The USC CardioVascular Thoracic Institute is home to a multi-disciplinary Hypertension and Renal Disease Center designed to diagnose and treat hypertension, a chronic illness that affects as much as 25 percent of the U.S. population. The Center offers state of the art diagnostic testing and novel approaches to treatment including research studies offering cutting edge therapies for essential and secondary hypertension.
Mitra K. Nadim, MD, assistant professor of clinical medicine and Co-Director of the Center, states that the Center is designed to tackle tough-to-treat hypertension cases that other physicians might feel uncomfortable treating.
For example, these patients may include those who are taking multiple drugs for high blood pressure and those whose blood pressure remains poorly controlled or patients with extremely high blood pressure.
The Center offers special expertise in the care of patients with secondary hypertension, that is, high blood pressure due to a specific cause such as disease of the kidney or the arteries that supply blood to the kidney.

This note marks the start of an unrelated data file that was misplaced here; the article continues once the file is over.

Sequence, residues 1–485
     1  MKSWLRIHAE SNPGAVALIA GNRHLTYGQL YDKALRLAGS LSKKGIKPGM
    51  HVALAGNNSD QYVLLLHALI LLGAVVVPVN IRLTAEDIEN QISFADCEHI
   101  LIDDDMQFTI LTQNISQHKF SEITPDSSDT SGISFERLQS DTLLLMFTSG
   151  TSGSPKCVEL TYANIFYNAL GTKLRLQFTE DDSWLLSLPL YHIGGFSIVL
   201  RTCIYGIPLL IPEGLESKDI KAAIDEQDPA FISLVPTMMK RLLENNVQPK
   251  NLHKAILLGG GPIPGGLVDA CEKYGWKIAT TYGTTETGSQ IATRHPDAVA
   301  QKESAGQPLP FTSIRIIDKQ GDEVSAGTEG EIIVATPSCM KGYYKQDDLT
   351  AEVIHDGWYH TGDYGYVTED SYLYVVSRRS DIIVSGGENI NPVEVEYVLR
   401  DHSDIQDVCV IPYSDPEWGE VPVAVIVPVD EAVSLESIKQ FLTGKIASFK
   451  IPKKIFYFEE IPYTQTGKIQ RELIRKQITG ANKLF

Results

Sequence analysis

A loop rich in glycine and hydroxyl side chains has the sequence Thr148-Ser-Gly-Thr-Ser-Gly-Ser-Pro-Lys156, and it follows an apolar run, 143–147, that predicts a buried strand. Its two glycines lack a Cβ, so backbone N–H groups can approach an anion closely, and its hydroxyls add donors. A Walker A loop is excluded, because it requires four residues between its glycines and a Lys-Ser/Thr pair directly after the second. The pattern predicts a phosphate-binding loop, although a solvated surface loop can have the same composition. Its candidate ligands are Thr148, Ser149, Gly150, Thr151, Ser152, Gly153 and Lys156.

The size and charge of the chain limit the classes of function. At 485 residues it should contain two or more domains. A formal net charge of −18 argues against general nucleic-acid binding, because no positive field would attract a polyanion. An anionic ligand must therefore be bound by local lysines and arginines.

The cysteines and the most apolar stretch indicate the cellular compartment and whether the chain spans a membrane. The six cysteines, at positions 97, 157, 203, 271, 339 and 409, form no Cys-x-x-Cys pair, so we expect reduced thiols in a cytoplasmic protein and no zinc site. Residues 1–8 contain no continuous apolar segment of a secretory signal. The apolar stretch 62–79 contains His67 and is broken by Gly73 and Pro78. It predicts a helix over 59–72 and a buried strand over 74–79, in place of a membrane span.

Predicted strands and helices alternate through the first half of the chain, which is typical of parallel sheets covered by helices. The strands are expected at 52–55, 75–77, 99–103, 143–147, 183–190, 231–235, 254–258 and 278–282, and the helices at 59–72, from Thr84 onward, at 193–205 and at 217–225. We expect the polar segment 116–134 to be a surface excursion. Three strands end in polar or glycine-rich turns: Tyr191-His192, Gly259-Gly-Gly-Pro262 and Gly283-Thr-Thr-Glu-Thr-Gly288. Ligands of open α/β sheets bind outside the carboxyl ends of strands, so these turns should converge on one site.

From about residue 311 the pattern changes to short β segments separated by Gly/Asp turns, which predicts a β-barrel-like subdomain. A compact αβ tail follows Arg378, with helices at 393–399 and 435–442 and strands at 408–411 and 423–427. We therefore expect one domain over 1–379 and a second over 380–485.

The Center is also geared to treat people who are unable to maintain their blood pressure in the standing position and are often susceptible to fainting or dizziness when they stand up.
Fred Weaver, also a Co-Director , described the Center as a collaborative effort among nephrologists, cardiologists, and vascular surgeons.
As such, it represents one of only about 20 such centers focused on hypertension in the country.
"This kind of centerwhich offers extensive diagnostic services, 24-hour ambulatory blood pressure monitoring, sophisticated ultrasound scanning, advanced biomedical testing and magnetic resonance angiographyis fairly rare, which is interesting when you realize that there are about 60 million Americans with hypertension," Weaver said.
He said that an important aspect of the Center would be not only its ability to treat high blood pressure but, in many cases, cure it.
"From a surgical perspective, I am excited about the fact that roughly 10 percent of patients have secondary hypertension, which is correctable," Weaver said. "Usually these patients high blood pressure which is caused by disease of the arteries of the kidneys that can be treated through endovascular means such as balloon angioplasty and stents or surgical procedures."
The primary advantage of a Center that focuses exclusively on hypertension diagnosis and treatment is that "only in this kind of setting are you going to have people looking for the kinds of hypertension that can be cured," Weaver said.
Nadim added that the new Center would also serve as an educational resource for the community, to better inform the public about the silent danger that chronic high blood pressure represents.
"The idea is to detect hypertension cases that can be corrected by intervention and also to help encourage healthy habits that can prevent it," she said.
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